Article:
The market will sort out our emission targets
Sometimes the misery of opposition traps politicians in a rictus of perturbation and panic.
One example is the suggestion in The Australian of anxiety within federal Labor about climate policy.
If true, it’s a distraction. The energy sector is changing gears with no regard for opinions in Canberra’s factions, Labor or the Coalition’s.
Not more than 80km from Parliament House outside Yass, General Electric is installing 46 of the world’s most powerful onshore wind turbines. To stand 200m, their 79m blades will start churning next year, dispatching power for 100,000 homes, each year replacing 600,000 tonnes of greenhouse gas emissions.
As a reminder how quickly renewable technologies are developing, these new platforms are 50 per cent more powerful than the version they replace.
Snowy Hydro will buy the power and says it will firm up this wind with the output of its hydro and gas assets to create reliable, affordable energy.
The transition is occurring, driven by the market.
After I was appointed professor of business and climate at the University of Technology Sydney I opined on this page that Labor’s commitment to reduce emissions by 45 per cent by 2030 may need revisiting. It was how things looked less than a year ago.
It was left to Ross Garnaut, Australia’s leading authority on the economics of climate, to set me right when I encountered him at the memorial for the late Bob Hawke.
Garnaut said that the 45 per cent target was going to be achieved, regardless of Labor’s defeat.
It was being locked in by decisions being made in boardrooms.
“It’s going to be achieved — that is, unless government takes anti-economic decisions to stuff it up. Like subsidising coal. Or as the sources of power change, mismanaging the grid.”
BHP confirmed the shift in business policy last July by accepting responsibility for “scope 3” emissions (that is, the emissions of its customers). Rio Tinto this week signed up to net zero emissions. Combine this with Microsoft’s commitment to removing all the carbon it has emitted since 1975 and you have a lot of capital looking, among other things, for high-quality carbon abatement.
One expert tells me the Australian farm sector might potentially offer offsets worth $1bn a year, compared with last year’s investment in this sector of a modest $50m.
We have 20 years of method development and experimentation, plus a solid compliance architecture in a nature-based carbon market. Here’s the potential to draw in international capital to benefit Australian landowners.
That is one reason the Business Council of Australia now supports net zero emissions by 2050. It knows there is international capital looking for investment in the new technologies but acutely sensitive to shifts of government policy. Where long-term commitments are being made, it seeks the policy certainty that comes with a net zero commitment.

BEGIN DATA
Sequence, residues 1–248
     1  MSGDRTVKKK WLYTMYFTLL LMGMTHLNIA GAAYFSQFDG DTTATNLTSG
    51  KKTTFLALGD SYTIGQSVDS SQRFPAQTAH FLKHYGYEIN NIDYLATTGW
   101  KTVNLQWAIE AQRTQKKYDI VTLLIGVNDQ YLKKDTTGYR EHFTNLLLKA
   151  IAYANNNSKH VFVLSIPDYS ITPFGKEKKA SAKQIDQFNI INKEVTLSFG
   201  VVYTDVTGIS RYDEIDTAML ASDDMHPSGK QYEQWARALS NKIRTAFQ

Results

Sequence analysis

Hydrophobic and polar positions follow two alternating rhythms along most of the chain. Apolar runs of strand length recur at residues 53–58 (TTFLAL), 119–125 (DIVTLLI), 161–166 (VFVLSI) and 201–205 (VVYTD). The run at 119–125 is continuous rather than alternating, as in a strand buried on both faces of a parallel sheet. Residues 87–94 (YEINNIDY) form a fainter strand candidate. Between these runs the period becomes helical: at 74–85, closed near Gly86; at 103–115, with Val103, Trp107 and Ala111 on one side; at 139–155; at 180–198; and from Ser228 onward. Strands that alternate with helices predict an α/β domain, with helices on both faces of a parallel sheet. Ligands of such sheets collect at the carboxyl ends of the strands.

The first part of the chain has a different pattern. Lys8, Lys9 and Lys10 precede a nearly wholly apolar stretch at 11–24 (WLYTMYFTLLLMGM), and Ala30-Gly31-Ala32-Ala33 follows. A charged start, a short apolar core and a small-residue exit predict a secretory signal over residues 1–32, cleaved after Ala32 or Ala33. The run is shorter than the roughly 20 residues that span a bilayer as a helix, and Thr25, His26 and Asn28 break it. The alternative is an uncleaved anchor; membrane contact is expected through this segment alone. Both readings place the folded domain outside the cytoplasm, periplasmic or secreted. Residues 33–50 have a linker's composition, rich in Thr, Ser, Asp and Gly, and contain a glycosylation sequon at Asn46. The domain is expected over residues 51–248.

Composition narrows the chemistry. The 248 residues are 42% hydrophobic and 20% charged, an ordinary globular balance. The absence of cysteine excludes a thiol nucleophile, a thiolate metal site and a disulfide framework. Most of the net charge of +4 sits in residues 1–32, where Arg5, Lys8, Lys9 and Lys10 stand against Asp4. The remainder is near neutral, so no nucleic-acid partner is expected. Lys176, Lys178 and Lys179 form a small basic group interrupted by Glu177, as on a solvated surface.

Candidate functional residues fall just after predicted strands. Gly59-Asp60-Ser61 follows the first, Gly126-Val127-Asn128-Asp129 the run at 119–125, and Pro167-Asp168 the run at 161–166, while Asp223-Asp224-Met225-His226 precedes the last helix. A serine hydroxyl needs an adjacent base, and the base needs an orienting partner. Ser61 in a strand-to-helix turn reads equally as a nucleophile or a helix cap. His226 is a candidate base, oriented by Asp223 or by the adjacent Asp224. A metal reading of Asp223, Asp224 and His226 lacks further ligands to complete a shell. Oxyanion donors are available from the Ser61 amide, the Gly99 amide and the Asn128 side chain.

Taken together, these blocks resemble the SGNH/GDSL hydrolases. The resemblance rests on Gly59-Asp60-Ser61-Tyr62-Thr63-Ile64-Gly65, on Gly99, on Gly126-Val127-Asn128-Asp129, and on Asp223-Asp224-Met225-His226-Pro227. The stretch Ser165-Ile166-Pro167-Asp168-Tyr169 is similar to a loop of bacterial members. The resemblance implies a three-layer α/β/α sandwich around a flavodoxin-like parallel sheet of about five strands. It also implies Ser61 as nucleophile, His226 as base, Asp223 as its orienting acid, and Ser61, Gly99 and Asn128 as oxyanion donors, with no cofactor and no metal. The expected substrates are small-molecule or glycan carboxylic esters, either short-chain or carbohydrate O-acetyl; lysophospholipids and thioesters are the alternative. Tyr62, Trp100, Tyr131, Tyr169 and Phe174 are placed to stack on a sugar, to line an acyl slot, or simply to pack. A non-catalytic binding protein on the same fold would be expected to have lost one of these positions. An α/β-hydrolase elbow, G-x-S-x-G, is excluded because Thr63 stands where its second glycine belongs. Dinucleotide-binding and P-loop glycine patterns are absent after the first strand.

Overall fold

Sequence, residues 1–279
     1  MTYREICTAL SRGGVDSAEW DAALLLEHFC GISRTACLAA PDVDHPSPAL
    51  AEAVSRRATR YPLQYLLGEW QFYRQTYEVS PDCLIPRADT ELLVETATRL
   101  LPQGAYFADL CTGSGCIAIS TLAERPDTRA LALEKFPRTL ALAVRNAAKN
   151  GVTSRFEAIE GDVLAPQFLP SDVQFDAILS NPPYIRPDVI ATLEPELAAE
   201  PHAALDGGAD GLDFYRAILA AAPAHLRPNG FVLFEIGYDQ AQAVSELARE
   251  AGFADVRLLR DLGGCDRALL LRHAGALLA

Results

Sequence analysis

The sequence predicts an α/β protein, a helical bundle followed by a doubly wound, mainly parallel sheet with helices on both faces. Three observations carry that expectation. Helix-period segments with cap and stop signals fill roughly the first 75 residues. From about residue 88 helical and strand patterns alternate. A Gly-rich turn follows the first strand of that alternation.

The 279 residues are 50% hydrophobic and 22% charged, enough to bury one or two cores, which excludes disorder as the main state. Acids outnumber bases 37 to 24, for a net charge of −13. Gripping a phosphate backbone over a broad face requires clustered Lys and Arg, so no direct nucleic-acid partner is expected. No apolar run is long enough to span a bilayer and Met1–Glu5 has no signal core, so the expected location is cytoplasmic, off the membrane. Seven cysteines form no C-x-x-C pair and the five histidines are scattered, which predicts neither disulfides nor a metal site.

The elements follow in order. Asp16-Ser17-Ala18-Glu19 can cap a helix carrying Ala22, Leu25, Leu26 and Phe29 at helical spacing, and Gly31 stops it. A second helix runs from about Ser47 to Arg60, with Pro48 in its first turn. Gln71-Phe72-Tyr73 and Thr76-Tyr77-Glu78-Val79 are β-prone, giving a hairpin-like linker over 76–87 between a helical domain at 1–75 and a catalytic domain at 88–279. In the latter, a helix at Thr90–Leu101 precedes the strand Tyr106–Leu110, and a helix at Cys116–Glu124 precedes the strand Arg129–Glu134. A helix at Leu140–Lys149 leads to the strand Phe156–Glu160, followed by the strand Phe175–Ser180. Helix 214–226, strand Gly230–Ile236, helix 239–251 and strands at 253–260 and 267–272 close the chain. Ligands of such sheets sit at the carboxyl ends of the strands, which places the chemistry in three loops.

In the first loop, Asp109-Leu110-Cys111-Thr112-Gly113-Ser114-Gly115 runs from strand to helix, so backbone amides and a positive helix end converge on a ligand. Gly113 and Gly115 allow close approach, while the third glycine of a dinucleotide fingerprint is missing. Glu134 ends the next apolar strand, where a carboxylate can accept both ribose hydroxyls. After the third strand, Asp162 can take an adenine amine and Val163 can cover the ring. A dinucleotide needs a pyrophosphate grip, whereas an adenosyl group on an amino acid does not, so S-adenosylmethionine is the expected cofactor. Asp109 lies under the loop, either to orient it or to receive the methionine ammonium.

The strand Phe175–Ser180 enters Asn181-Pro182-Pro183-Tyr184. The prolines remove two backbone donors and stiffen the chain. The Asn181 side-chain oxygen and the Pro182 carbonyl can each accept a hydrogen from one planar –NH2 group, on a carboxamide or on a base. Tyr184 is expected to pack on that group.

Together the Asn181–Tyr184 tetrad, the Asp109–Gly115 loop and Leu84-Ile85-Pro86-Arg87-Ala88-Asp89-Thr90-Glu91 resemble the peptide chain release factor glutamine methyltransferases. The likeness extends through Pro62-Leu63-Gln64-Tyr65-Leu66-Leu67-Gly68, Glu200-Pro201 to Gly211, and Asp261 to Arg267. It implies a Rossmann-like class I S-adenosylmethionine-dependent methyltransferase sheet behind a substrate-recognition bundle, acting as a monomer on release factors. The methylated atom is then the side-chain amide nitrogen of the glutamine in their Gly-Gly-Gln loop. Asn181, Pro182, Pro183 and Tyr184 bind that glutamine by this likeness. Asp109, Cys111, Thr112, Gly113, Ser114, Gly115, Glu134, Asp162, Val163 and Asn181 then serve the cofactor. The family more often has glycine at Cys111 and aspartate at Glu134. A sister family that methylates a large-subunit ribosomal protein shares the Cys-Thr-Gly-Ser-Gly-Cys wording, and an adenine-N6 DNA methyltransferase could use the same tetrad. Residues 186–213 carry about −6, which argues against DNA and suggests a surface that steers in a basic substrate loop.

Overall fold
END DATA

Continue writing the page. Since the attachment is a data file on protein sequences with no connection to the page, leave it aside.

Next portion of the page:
Any coalminers with, say, 15 years’ experience, have witnessed technological change close up.
They also have a realistic idea of how markets work. Their union came to me when I was premier supporting privatisation of state-owned coalmines because they knew only private ownership would deliver the capital to upgrade them.
They know international markets are the basis for their job security.
They are also realistic about the endgame for a coal-fired power station like 50-year-old Liddell in the Hunter Valley. But they also know our thermal coal is more efficient than those of competitors such as Russia or Indonesia.
Overseas demand will, as always, determine the security of coal jobs. Some buyers, like the Europeans, may be moving to carbon tariffs whatever we say. They may even require us to commit to net zero emissions by 2050, as their own national governments do.
Miners don’t want lectures on transition but they are open to an argument about industrial diversification. Having seen technological change in their industry and wanting futures for their kids, why wouldn’t they be? Work by one of my colleagues at the Institute of Sustainable Futures at UTS suggests some overlap between coal regions and mapping of new engineering jobs in renewables.
A Labor candidate in such a community can be comfortable arguing that coal-fired power is not going to be kept going with government money, Soviet-style, but Australia will continue to be an exporter of our relatively clean coal and that’s compatible with our Paris commitments and a net zero emission target by 2050.
Business moves ahead regardless, with a single request to government: fix the grid, give us storage and let investment and markets drive the transition.